By Reggie Ellis
It has been almost 40 years since Gov. Arnold Schwarzenegger worked and played in the foothills of the Alps and on the banks of the Mur River near his home village of Thal, Austria. It has been at least 30 years since he has worked at any blue collar job. But through all his fame and fortune, the 56-year-old governor has always been willing to work hard and has always been able to connect with the average Joe.
"Growing up around farms in Austria I know what it's like to get dirty, filthy and muddy," the governor told a crowd of 200 selected people, and 8,000 more listening over the speakers at the 38th annual World Ag Expo. "Just like in the Total Recall [election]."
The governor's stop was the first time a Republican governor had ever visited the largest farm equipment show in the world, and was only the third governor to do so. The World Ag Expo was a campaign stop to show the agriculture community's support for his two March ballot initiatives, Proposition 57 and 58.
"The agriculture industry is crucial to California's economic success and they are helping to lead the way in our recovery," Schwarzenegger said.
Prop. 57 is a $15 billion bond measure that would help consolidate the state's $22 billion deficit. Schwarzenegger said if the bond is not passed, harsh cuts will have to be made to state funded programs. Prop. 58 would require the "spending addicts" of the state legislature to have a balanced budget plan each year and includes provisions to limit future deficit borrowing.
"Let's consolidate all the debt, let's refinance it and let's cut the credit card and throw it away," he said. "Proposition 58 cuts up the politicians' credit cards for good. Never again would they be able to spend more money than the state takes in."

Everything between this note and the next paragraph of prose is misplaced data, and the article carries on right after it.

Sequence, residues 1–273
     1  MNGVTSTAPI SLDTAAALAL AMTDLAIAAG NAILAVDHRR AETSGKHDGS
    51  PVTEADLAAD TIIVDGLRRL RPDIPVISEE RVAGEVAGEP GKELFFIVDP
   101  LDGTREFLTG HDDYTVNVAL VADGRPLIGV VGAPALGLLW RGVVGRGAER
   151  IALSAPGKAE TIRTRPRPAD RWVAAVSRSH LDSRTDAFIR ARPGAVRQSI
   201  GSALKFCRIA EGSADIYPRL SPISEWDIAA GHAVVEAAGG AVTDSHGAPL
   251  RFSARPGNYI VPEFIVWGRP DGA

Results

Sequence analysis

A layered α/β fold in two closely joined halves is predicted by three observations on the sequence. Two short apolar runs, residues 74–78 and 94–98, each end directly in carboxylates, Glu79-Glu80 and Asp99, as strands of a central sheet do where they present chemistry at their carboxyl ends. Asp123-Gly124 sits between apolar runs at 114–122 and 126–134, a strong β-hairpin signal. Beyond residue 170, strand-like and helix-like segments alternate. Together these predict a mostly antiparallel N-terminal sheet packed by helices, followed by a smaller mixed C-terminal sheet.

The governor's economic recovery plan, primarily the two propositions, is now being endorsed by Democrats and extreme conservatives alike. Commercials promoting the propositions began airing on Feb. 10 featuring Schwarzenegger alongside State Controller Steve Westly, a Democrat. Other Democrats have slowly begun to come around as well.
"Democrats and Republicans are campaigning together," Schwarzenegger said. "One party can't solve the problems, but both together can."
Schwarzenegger said agriculture, one of the three largest industries in California, needs to be protected because "We feed the world." He said because of California's unemployment and workers' compensation costs, which are the highest in the nation, many states offer better deals to all businesses.
"But farmers have to stay here," Schwarzenegger said. "You can't pick up and move this land of yours. That's why I am asking the legislature to pass real [workers' compensation] reform by March 1. If the politicians can't do it, then I will let the people do it."
If there is no reform on his desk by the March 1 deadline, the governor said he will put a measure on the November ballot to ensure that the state reverses the trend of the escalating cost of doing business in the state. Workers' compensation has hit the labor-intensive agriculture industry especially hard and has become one of its primary expenses in the last 10 years.
"We can bring our state back and again be the golden dream by the sea," Schwarzenegger said.
Ag supports Arnold
Schwarzenegger's 10-minute speech was upbeat, entertaining and humorous. After introducing California's new secretary of the Department of Food and Agriculture A.G. Kawamura, he said, "A.G. stands for Agriculture God."
Both propositions were supported by the California Farm Bureau Federation, California Women for Agriculture and the Western Growers Association at the campaign rally. The governor's speech was precluded by statements from representatives of each of these organizations.